Another highlight (well, I’m assuming I’m allowed more than one!) was definitely the whirlwind of sensation around the illustration I created in support of the riot clean-up efforts last summer. Just posting it on Twitter to show my friends snowballed into over 19,000 views in two days – which gave me the idea to contact Riot Clean Up Manchester and get the illo made into a screenprint to be auctioned off for charity. With a lot of organisation and media hype (I even got up the guts to do a radio interview!), we ended up raising over £1,000 for the Leap Confronting Conflict and Reclaim charities. One of the prints was also donated to the Manchester and Salford Illustrated exhibition and raised some more money for the Friends of Wood Street charity. It did a lot of good – I feel so proud of it.

In terms of difficulty career-wise, it’s got to be the ebb and flow of commissions. It’s a very daunting feeling to have everything go quiet and no word of commission for a while – it’s not only a strain financially but also emotionally and on the ol’ confidence front. You just have to keep strong and use the time to develop your portfolio and refine your style.

What’s been your favourite piece of work you’ve produced?

I can never, ever answer this question properly. My mind always changes, and to be honest, a lot of the time it flits to not liking any of it! I will say though that I’m really excited about the new book I’ve just finished. I can’t show anyone any of the work at the moment, it’s all under wraps until later this year – but it’s just much more in line with the direction I want my work to head in.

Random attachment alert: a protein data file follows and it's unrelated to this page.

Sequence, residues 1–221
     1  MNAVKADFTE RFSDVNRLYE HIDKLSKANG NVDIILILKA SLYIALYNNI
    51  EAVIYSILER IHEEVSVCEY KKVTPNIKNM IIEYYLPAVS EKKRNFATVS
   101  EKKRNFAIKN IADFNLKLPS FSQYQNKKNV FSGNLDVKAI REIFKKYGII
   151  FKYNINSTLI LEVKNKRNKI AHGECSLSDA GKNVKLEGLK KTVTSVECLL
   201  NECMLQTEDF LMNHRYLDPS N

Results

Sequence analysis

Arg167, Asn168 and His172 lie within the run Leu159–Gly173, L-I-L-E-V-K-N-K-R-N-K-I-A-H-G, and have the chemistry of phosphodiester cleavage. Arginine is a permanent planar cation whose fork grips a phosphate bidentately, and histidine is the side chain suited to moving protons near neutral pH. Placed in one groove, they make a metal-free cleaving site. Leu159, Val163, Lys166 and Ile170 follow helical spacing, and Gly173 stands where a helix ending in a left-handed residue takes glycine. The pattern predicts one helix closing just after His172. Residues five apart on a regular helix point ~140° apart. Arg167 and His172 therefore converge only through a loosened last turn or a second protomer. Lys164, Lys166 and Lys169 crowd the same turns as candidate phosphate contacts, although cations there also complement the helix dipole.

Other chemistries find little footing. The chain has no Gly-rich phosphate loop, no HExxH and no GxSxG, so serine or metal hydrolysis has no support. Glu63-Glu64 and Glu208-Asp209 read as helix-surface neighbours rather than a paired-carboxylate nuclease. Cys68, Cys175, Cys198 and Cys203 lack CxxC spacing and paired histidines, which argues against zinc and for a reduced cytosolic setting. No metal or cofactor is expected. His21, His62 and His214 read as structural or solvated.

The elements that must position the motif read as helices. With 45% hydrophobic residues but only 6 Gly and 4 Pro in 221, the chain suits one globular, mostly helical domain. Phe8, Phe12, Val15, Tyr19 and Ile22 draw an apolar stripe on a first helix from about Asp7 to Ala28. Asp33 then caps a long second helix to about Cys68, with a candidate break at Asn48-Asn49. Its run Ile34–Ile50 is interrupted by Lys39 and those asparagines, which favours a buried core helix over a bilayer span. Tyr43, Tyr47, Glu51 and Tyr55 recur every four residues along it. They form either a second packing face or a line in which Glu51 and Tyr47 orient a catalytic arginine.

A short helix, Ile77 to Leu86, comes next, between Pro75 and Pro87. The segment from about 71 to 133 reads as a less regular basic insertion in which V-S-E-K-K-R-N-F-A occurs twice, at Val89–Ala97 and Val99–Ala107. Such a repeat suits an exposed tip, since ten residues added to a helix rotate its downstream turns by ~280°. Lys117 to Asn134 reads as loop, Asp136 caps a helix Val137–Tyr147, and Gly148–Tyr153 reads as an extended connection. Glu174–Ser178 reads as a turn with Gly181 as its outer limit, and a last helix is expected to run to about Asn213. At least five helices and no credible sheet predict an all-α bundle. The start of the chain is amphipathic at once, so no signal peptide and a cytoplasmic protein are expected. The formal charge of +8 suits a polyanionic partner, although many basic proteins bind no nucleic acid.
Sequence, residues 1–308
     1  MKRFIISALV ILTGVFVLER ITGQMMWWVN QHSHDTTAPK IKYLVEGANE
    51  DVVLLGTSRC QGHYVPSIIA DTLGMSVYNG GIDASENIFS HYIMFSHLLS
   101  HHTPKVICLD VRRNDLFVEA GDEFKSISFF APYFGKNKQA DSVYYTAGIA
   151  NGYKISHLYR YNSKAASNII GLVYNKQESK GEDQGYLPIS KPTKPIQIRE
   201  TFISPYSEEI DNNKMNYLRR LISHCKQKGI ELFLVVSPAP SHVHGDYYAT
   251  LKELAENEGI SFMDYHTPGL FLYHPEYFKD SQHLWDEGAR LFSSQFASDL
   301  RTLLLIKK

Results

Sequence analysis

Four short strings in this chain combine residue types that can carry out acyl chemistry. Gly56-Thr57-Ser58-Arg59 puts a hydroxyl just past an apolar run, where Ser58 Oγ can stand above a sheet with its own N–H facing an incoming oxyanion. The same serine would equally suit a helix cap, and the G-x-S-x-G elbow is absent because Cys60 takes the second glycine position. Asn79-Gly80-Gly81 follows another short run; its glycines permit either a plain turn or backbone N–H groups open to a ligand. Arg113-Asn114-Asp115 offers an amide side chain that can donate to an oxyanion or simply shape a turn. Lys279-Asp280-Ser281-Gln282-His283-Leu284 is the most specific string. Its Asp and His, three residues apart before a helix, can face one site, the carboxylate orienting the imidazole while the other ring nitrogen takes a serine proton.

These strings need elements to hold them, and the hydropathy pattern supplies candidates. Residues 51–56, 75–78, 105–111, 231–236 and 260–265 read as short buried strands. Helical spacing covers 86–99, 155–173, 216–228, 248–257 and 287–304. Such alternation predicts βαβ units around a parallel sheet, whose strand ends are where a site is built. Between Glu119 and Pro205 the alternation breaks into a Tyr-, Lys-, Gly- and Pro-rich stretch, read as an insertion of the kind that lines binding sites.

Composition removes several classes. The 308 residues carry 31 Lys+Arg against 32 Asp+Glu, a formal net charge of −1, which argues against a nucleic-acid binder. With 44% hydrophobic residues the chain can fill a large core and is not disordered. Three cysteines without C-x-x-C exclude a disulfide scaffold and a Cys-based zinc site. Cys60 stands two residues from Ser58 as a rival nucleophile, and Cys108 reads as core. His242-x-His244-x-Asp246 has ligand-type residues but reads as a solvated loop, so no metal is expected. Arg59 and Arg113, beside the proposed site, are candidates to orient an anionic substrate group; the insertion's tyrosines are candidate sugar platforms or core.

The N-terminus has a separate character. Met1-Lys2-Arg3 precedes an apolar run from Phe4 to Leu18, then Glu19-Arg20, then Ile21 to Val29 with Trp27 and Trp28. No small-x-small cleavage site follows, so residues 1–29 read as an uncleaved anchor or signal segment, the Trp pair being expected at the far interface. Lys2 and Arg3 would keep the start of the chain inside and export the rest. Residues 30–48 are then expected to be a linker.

I also recently finished a commission of a painting for the Stars singer Amy Millan’s daughter’s first birthday. This one was a full gouache painting, not a hint of digital (which is quite unusual for me these days). It felt so rewarding to take (and have) the time to use just the paint and create something beautiful for one of my favourite singers in the world. When she saw the painting she loved it so much she cried, I couldn’t ask for a better response!

What advice would you give to artists who are just starting out?

Take your time, choose carefully who you do work for (as I said before, try to avoid working for free if you can – judge well if it really will be good promotion or not). Don’t expect things to fall into place right from the get-go, it takes a lot of work and a lot of portfolio refinement to even get started – but saying that, stay hopeful.

Also, don’t let yourself feel the need to draw like other people, spend time finding your own style and your own aesthetic voice – trends are fickle.

Sum up the last 12 months in five words.

Surprising. Evolving. Adventure. Connecting. Dinosaur.

Have a browse of Emmeline’s work: visit her website Emmeline Illustration; visit her blogs here and here; and Tweet her: @EmmelineDraws.

All images © Emmeline Pidgen. To view the images in clearer detail, click on them.